When publishing photos on the internet, you cannot erase them as they are shared repeatedly, even after deletion. And many social media sites have clauses hidden in their terms and conditions that give them rights over the content shared on their platforms. This means when a school posts a photo of a child on such a site they are handing over ownership of the photo to the owners of these platform who can then use the photo how they deem fit. And, because the school agreed to the terms and conditions, there is not a lot that they can do about it.
This can also be the case when using a third-party platform or app to store your photos. For example, using Google Photos means giving that platform full access to all your photos so that the company can collect what it can simply by stating it only uses this data when needed. Google then links all this data to your identity to support its data-driven advertising business. Such companies are wishing to gain some revenue opportunity out of your partnership, and this problem is exacerbated by the fact that most schools don’t know all the child-based information that’s being stored on these external platforms (and if it is sensitive data), how this data is being used by these companies, and for how long.
Make sure your data is not being used inappropriately and you have full access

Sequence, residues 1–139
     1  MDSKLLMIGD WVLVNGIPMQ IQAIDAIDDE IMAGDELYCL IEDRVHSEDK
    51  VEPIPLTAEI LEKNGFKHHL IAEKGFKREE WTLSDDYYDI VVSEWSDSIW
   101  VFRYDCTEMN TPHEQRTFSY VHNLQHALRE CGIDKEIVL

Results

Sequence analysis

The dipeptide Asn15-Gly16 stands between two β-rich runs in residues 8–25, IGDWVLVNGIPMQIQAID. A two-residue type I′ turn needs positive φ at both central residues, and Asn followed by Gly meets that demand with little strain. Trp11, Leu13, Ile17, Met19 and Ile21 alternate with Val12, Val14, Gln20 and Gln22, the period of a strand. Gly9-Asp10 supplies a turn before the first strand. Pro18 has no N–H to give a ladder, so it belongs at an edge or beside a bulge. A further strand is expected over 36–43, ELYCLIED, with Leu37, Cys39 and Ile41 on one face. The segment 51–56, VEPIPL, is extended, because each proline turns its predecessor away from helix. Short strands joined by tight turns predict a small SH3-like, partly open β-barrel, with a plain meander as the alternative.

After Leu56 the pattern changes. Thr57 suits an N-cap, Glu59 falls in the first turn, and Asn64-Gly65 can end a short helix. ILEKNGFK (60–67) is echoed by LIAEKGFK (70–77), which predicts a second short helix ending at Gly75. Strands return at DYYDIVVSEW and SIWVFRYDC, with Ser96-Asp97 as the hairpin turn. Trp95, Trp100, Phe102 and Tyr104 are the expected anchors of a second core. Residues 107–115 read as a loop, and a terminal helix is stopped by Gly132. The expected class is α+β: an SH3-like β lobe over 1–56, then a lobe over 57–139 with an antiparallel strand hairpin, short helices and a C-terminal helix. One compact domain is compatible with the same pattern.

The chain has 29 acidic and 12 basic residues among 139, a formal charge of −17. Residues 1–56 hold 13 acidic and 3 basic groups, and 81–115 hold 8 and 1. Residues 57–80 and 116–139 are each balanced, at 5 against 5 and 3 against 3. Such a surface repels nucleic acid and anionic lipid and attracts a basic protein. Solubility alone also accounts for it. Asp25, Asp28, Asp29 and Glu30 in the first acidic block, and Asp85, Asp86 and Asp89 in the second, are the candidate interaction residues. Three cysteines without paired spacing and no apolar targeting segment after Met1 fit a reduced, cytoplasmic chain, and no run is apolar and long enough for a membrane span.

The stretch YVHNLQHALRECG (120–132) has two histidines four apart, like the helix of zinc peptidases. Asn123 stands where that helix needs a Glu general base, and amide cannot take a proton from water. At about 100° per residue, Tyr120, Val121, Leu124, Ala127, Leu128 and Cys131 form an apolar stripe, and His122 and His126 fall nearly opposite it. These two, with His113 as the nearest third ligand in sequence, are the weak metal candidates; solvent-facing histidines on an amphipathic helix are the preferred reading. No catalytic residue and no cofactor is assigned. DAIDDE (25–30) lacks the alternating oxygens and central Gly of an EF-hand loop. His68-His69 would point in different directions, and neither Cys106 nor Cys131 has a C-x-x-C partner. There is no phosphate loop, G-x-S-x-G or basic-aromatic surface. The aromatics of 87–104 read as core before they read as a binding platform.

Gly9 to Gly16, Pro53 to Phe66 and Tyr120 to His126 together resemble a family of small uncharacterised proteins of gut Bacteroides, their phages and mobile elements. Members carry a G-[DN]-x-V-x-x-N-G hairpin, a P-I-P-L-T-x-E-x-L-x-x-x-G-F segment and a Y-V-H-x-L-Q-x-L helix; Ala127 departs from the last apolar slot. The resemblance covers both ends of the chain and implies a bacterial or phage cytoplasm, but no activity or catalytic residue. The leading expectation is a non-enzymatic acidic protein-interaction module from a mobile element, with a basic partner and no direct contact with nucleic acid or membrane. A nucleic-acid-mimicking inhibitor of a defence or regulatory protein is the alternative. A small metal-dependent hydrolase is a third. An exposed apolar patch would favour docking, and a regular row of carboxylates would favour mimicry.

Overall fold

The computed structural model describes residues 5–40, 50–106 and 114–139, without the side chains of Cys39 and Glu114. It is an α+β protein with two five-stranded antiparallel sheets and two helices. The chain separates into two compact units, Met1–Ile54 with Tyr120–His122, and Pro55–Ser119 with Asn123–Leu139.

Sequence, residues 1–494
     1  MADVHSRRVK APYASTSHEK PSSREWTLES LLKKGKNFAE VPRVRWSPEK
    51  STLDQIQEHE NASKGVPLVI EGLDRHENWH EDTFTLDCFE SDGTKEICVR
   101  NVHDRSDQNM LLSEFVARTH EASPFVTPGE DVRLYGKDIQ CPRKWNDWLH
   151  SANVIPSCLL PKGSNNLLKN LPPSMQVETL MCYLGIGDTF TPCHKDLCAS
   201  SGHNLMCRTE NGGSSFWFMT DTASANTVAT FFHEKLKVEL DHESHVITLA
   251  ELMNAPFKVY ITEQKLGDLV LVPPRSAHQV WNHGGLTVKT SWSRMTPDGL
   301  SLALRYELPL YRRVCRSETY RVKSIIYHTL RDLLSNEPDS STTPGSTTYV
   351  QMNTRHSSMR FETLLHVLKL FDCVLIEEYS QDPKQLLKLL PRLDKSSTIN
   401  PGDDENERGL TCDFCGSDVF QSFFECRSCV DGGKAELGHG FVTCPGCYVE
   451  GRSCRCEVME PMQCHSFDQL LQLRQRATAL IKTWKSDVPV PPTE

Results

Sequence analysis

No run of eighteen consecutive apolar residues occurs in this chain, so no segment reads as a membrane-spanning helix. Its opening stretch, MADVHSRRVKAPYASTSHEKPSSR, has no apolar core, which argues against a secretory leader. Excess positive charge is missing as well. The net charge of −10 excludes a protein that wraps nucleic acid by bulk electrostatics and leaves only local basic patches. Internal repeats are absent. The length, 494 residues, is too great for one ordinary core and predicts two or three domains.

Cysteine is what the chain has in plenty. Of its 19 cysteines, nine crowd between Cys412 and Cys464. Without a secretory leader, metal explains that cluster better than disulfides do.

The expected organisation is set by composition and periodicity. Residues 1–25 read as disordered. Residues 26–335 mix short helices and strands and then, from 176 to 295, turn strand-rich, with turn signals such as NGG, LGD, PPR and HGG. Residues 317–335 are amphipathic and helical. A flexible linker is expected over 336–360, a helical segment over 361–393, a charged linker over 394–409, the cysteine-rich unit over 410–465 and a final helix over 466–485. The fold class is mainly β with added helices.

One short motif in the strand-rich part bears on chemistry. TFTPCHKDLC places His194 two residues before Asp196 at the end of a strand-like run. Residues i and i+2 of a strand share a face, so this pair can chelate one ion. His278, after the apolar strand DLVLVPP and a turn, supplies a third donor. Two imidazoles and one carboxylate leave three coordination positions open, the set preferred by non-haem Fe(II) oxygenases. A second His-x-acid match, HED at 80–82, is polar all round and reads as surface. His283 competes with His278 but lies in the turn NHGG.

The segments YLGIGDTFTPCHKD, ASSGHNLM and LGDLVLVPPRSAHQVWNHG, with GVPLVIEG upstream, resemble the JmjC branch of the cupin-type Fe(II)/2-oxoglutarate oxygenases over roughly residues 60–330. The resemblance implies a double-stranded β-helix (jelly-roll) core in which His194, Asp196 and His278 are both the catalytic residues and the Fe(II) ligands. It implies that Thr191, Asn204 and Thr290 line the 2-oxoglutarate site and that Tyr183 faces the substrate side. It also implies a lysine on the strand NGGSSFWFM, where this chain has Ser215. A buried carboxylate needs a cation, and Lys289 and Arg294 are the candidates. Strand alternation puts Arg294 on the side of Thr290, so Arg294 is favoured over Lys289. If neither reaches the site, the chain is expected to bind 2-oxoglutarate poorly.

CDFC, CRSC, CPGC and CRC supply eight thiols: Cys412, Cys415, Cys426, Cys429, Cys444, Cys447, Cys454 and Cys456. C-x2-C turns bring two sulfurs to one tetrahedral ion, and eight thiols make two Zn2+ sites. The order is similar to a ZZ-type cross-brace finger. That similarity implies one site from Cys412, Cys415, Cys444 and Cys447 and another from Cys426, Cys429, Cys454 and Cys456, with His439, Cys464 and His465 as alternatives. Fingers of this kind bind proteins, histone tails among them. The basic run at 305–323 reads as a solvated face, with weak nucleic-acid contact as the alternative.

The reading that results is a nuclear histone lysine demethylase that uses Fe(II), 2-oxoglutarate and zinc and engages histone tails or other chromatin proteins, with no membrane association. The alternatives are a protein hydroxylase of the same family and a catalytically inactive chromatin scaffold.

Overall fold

One area that continues to be side-stepped, but is vitally important when making any technology procurement decision at a school is: Have you read and fully understood the provider’s Terms of Service?
As a school, you have the right and responsibility to do a thorough investigation into those Terms before deciding to use a service. Our Privacy Officer spends hours reading though such Terms to help schools understand what data obligations they have either intentionally or unintentionally signed up to, and it’s surprising how many times schools just don’t realise what they’ve given away from signing a contract with a third-party. Ten years ago, before Cambridge Analytica, schools may have had an excuse as to why they may have missed this step, but not today.
What to look out for in “the Terms”
We all understand that School Administrators are under pressure – especially during a pandemic – to employ technology that improves school performance, however, it must not come at the expense of student privacy.
Unfortunately, many global EduTECH platforms were built adult-centric and are not designed with child-safe privacy-by-design features in mind (– and btw, it is very difficult to add them in ‘after’, especially if doing so goes against a business commercial model).